Can construction be automated?
September 7, 2017 by Jacob Stoller
In the feature “Top construction firms embrace technology, finally” from the June issue of On-Site, two experts from leading construction firms cited stagnant productivity as a major problem facing the industry. This view, we noted, is supported by a recent Boston Consulting Group study, which found that while productivity has grown 153 per cent overall, construction has seen a decline.
Advances in information systems have been cited as a catalyst for higher productivity in many sectors. In manufacturing, the wide proliferation of CAD/CAM systems opened the door to automated manufacturing from 3D models with CNC machines and robotics. Now that BIM systems have made 3D models readily available in construction, will machines soon be able to fabricate buildings and large-scale infrastructure?
The prospect of automating construction has preoccupied Dr. Behrokh Khoshnevis, an entrepreneur and a professor at University of Southern California with a background in industrial fabrication, since 1994 – long before BIM systems came into wide use. Khoshnevis now holds more than 100 worldwide patents, and in early 2018, his company, Contour Crafting, will complete its first production model of a robotic 3D printer capable of autonomously constructing the shell of an entire building out of concrete.
3D printing and construction might seem like an unlikely combination, but according to Khoshnevis, there’s a remarkable link. 3D printing, sometimes referred to as a form of additive manufacturing, builds an object by adding one slice or layer at a time from a digital file. Construction, Khoshnevis notes, is also additive in that respect.
“It occurred to me 22 years back that buildings are the only things that humans have constructed in layer-wise fashion,” says Khoshnevis. “Bricklaying is layer by layer, so in that sense, 3D printing has been around for thousands of years in construction, while the world of manufacturing only got to it about 10 years ago. So the potential of 3D printing may actually be in construction, not in manufactured small parts.”
The challenge with 3D printing is that fabricating layer by layer is slow, particularly when precision has to be high and layers thin. “The question I considered was ‘how do you build in thick layers, to make the speed of construction for a building meaningful?’” says Khoshnevis. “So Contour Crafting is based on the idea of constructing a building in a series of thick layers.”
Khoshnevis has set his sights high – his vision includes constructing entire buildings in hours rather than months, bringing decent housing to impoverished regions, and constructing on the moon and Mars. In connection with the latter, he received several research grants and contracts from NASA and was awarded two grand prizes in international competitions sponsored by NASA in 2014 and 2016, respectively.
The lunar challenge in particular forces us to think about construction very differently. Transportation is at a hefty premium – it costs around $100K to ship a pound of material to the moon – so waste is intolerable, therefore it’s necessary to use local materials wherever possible. (Part of the ongoing research is about making concrete with local moon aggregate.) Speed is of the essence, as it is extremely costly to sustain and finance any kind of activity on the moon. And, there are no local work crews.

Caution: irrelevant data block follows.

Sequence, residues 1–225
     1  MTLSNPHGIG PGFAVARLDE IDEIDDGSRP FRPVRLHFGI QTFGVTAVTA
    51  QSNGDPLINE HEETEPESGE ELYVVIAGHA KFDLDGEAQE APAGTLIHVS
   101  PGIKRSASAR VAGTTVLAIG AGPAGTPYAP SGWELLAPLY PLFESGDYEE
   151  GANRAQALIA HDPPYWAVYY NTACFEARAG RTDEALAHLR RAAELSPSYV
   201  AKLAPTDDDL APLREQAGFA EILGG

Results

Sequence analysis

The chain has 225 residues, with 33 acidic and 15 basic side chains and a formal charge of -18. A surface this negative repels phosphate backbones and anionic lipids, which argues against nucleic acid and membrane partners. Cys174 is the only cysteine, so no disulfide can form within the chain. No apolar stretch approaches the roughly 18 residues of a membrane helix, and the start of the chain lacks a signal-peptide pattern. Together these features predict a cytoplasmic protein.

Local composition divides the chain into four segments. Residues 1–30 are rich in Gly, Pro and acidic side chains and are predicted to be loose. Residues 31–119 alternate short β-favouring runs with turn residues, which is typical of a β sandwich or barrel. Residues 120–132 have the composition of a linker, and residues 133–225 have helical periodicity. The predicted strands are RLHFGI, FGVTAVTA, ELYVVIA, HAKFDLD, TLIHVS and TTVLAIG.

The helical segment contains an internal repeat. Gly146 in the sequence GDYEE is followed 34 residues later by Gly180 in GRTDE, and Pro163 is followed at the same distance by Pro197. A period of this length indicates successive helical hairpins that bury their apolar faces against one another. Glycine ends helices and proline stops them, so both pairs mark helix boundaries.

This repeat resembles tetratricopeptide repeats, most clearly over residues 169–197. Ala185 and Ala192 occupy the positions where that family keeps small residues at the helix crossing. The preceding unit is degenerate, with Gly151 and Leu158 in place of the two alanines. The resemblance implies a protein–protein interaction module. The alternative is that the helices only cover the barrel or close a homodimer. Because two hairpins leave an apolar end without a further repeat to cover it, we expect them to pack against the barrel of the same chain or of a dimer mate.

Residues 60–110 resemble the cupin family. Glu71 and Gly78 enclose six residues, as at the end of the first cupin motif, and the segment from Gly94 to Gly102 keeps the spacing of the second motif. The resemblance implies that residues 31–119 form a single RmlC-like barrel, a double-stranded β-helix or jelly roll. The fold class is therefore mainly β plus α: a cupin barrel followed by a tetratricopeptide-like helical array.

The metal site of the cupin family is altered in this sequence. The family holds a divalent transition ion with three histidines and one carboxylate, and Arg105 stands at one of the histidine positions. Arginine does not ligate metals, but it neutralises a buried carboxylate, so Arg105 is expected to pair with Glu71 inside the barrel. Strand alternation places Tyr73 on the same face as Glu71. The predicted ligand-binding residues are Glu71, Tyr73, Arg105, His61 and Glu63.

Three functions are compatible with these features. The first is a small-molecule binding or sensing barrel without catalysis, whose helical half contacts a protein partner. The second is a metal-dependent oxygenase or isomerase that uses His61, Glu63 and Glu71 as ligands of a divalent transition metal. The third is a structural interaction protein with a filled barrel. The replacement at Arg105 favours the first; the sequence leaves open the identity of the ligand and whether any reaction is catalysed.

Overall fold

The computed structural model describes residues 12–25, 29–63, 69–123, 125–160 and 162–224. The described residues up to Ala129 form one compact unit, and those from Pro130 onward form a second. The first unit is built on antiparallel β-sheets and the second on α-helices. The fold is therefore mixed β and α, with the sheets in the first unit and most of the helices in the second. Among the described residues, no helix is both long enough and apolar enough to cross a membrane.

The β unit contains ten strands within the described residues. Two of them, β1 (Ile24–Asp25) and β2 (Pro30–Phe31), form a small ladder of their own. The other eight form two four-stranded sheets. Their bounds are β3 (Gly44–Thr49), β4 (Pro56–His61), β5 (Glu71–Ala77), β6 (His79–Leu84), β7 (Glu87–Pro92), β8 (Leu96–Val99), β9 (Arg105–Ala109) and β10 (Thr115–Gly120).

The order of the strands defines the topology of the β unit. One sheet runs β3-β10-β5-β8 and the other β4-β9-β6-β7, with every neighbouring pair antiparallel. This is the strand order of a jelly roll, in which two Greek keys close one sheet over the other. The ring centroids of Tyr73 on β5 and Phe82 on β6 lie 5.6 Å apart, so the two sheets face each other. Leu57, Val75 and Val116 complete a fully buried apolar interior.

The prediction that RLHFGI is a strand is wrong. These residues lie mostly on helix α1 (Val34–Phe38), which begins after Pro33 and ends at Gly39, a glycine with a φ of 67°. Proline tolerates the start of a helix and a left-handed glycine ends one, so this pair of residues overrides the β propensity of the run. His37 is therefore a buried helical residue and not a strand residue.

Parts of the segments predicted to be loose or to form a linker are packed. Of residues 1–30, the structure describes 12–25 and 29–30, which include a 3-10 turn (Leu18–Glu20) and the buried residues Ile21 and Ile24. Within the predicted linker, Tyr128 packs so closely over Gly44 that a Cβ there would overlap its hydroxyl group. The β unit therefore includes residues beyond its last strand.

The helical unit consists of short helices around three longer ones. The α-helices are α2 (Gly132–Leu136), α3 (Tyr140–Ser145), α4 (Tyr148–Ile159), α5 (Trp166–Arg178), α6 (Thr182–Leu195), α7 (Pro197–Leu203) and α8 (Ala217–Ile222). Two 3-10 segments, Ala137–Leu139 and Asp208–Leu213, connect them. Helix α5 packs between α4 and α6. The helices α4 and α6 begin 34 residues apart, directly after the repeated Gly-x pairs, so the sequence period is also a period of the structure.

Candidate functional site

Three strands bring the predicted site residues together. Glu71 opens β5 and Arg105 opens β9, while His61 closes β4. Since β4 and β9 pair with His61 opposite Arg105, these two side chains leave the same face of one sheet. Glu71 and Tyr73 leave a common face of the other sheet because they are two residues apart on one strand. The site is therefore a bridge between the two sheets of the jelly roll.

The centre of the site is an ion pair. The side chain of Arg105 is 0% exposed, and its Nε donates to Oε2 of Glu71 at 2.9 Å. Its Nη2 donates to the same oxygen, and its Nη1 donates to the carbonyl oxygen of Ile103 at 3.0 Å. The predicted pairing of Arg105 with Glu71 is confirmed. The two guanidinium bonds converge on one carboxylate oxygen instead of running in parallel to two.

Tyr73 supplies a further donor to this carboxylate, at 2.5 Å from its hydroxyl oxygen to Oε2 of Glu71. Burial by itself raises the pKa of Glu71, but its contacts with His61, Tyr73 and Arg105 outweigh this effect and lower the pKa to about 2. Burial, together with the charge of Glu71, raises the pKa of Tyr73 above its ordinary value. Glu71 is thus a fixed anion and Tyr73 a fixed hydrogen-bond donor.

The potential spin-offs of this research in terms of improving efficiency in construction are enormous. Conventional methods of moving and using materials, for example, are highly inefficient – according to the Contour Crafting website, the average single-family dwelling produces between 3 and 7 tons of waste, and the building materials supply chain, with multiple players shipping from many locations, is arcane and error-prone. Improvements here would be of particular value when building in remote regions of Africa, or Canada’s North.
The time length of projects is also a key area – tying up equipment, materials, and labour for months at a time creates huge financing costs, which account for a major portion of the cost of construction. As well, conventional construction is poor at responding to emergencies, as we’ve seen in humanitarian crises such as the Hurricane Katrina disaster.
The biggest impact, however, would come from reducing manual labour in an industry where we see a host of danger-related expenses insurance, regulatory compliance, lost time, and protection against litigation. And of course, eliminating dangerous work could reduce the immeasurable human cost of the deaths and injuries that occur every year in construction, particularly in regions of the world where workers aren’t protected by regulations.
The Contour Crafting machines will be available to contractors through lease or purchase, and the company is also planning to offer, through partnerships, support services to help to implement projects. It’s hard to predict how this technology will be received in an industry that has resisted change.
“It depends on one thing – profitability,” says Khoshnevis. Automation came to manufacturing at a time when profit margins were high, he notes, while construction is a mature, highly competitive industry with low margins and a relatively high entry barrier primarily due to regulatory requirements.
“The cost might initially not be as exciting as it sounds,” he says, “so we have to look at other advantages. Speed of construction and time to market are incomparable to the manual approach. You can build a whole shell of a building in a day. Precision, and the capabilities for implementing complex geometries are much greater. And finally, you are eliminating hazardous work.”
It will be very interesting to see what happens when these robotic 3D printers hit real world construction sites. Stay tuned!
Jacob Stoller is principal of Toronto-based consultancy StollerStrategies. Send comments to email@example.com.